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Did the NIAID Fund Research at the Wuhan Institute of Virology?
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Did the NIAID Fund Research at the Wuhan Institute of Virology?

Understanding contradictory claims from Rand Paul and Anthony Fauci.

During a Senate hearing on May 11, Sen. Rand Paul questioned Dr. Anthony Fauci, the director of the U.S. National Institute of Allergy and Infectious Diseases, about whether the United States had provided funds to the Wuhan Institute of Virology. Fauci responded that “We do not send money now to the Wuhan Virology Institute.”

“We did under your tutelage,” said Paul. “We were sending it through EcoHealth. It was a sub-agency and a sub-grant.”

As noted in a fact check from last July, Paul is correct on this point: While the Wuhan Institute of Virology did not receive a direct grant from NIAID, the organization Fauci heads up did provide a five-year grant in 2014 for research into “the risk of bat coronavirus emergence” to EcoHealth, a nongovernmental research group. EcoHealth was granted $3.7 million over those five years, of which about $600,000 went to the Wuhan Institute of Virology.

Fauci went on to claim that “We have not funded gain-of-function research on this virus in the Wuhan Institute of Virology.”

Gain-of-function research examines how viruses could become deadlier and more viral. The purpose of this research is to prevent potentially catastrophic strains of viruses by developing therapeutics to treat and block the virus. Paul suggested in the hearing that COVID-19 may have been the result of such research with bat coronaviruses in China.

Gain-of-function research is controversial given the inherent dangers of enhancing viruses’ transmissibility and deadliness, and government funding of new gain-of-function projects was paused on October 16, 2014, five months after EcoHealth’s grant was approved. Guidelines issued by the Trump administration in December 2017 ended the moratorium on gain-of-function research.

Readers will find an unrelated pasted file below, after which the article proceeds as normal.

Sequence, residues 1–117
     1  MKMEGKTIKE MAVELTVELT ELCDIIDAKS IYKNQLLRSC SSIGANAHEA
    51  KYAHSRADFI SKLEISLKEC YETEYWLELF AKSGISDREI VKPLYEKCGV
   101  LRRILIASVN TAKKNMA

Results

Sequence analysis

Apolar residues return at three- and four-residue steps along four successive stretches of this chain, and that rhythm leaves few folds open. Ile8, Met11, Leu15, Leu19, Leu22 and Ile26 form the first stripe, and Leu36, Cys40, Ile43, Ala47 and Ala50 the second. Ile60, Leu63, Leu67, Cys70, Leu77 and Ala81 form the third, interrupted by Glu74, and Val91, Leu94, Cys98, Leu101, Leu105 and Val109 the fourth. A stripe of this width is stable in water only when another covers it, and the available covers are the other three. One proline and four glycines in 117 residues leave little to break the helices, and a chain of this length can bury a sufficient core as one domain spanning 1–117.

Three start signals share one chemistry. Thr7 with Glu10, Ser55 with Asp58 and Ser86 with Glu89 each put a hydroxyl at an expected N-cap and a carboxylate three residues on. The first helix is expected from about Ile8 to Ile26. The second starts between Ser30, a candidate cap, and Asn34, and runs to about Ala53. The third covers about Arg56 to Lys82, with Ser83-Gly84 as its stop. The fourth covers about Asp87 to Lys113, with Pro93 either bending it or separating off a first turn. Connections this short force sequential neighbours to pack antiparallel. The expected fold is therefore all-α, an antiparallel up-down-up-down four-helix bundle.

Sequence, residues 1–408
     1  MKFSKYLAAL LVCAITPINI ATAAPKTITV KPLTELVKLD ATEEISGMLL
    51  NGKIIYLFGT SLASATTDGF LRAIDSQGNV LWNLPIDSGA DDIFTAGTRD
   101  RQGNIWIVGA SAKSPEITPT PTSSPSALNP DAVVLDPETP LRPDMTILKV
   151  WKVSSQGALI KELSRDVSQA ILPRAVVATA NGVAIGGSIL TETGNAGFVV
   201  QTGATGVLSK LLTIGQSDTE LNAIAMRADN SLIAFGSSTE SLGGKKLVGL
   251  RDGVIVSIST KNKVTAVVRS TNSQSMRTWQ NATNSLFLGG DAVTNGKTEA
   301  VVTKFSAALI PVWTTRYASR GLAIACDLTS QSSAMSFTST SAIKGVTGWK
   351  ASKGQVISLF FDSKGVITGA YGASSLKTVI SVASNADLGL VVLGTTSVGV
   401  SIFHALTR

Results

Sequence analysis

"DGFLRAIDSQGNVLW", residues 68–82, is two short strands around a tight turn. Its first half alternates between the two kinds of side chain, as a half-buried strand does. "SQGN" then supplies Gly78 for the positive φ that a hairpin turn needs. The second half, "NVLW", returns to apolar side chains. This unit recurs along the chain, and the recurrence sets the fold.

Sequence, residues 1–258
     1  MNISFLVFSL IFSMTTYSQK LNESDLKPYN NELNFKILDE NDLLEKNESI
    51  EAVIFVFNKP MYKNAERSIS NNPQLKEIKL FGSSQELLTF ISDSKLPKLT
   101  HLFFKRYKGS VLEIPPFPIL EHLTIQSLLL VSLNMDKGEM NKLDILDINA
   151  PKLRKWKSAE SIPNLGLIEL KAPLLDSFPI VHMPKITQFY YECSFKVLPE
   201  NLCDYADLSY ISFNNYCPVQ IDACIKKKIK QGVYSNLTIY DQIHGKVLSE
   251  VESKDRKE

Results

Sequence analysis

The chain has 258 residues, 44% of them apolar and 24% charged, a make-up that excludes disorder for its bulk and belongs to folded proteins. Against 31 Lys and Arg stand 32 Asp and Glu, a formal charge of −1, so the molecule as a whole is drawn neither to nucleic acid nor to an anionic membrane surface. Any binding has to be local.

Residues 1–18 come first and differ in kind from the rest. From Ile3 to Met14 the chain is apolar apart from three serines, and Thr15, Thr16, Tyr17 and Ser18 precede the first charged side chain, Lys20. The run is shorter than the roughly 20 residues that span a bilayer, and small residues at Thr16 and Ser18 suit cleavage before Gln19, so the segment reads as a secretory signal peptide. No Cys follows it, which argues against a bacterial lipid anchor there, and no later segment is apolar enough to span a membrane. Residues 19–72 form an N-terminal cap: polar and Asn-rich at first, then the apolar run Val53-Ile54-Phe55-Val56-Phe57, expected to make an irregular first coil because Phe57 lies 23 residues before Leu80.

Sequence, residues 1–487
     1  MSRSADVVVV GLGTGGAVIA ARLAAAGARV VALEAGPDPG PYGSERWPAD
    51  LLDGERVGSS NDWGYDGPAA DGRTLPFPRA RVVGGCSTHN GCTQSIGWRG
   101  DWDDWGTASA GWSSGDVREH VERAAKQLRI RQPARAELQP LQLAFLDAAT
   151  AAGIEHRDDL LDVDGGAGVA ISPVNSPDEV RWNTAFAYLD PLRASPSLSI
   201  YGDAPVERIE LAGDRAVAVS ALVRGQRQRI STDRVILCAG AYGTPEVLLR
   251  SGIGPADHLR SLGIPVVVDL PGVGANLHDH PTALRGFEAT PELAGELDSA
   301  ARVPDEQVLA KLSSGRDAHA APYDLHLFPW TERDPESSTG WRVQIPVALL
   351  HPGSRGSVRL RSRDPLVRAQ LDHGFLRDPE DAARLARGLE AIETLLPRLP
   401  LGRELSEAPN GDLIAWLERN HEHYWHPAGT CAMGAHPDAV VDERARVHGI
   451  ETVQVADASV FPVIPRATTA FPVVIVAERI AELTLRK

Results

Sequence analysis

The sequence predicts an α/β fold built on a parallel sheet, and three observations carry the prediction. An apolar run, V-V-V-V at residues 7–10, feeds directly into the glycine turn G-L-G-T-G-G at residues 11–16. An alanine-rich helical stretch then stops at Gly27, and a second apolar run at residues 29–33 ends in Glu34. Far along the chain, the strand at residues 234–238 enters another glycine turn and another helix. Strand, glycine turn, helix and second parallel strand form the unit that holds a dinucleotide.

While Fauci, EcoHealth Alliance, and the National Institutes of Health all told PolitiFact in February that the EcoHealth funds directed to the Wuhan Institute of Virology did not go to gain-of-function research, PolitiFact also noted that a paper published thanks to those funds described gain-of-function research techniques.

Reporting from the Washington Post shows that funding from the NIAID went to an EcoHealth project carried out by the Wuhan Institute that involved creating novel coronaviruses to see how easily they could cross over from animal to human cells. Robert Kessler, communications manager for EcoHealth, denies that this research meets the definition of gain-of-function.

“So gain-of-function research refers specifically to the manipulation of human viruses so as to be either more easily transmissible or to cause worse infection or be easier spread,” Kessler told The Dispatch Fact Check in an interview. 

“So first of all, our work with those viruses in question, those are bat viruses, those are not human viruses,” said Kessler.

Gain-of-function research is  actually much broader than manipulating only human viruses. Gain-of-function research with avian flu and ferrets in 2011 prompted debate about the ethical concerns of gain-of-function, despite the fact that it wasn’t a “human” virus being manipulated. Viruses can make the leap from animals to humans, making such a distinction unnecessary in the course of conducting gain-of-function research with animal viruses. In the 2011 experiments, scientists created a strain of avian flu capable of spreading to ferrets, prompting concerns about it spreading to other mammals including humans. And in the case of the EcoHealth and the Wuhan Institute collaboration, the project was expressly meant to examine bat coronaviruses for the potential to cross over to human cells—the potential for human infection makes the fact that they were examining animal viruses moot. The 2014 rule change about gain-of-function research restricted projects “that may be reasonably anticipated to confer attributes to influenza, MERS, or SARS viruses such that the virus would have enhanced pathogenicity and/or transmissibility in mammals via the respiratory route.” Whether or not those viruses started with humans or animals was irrelevant.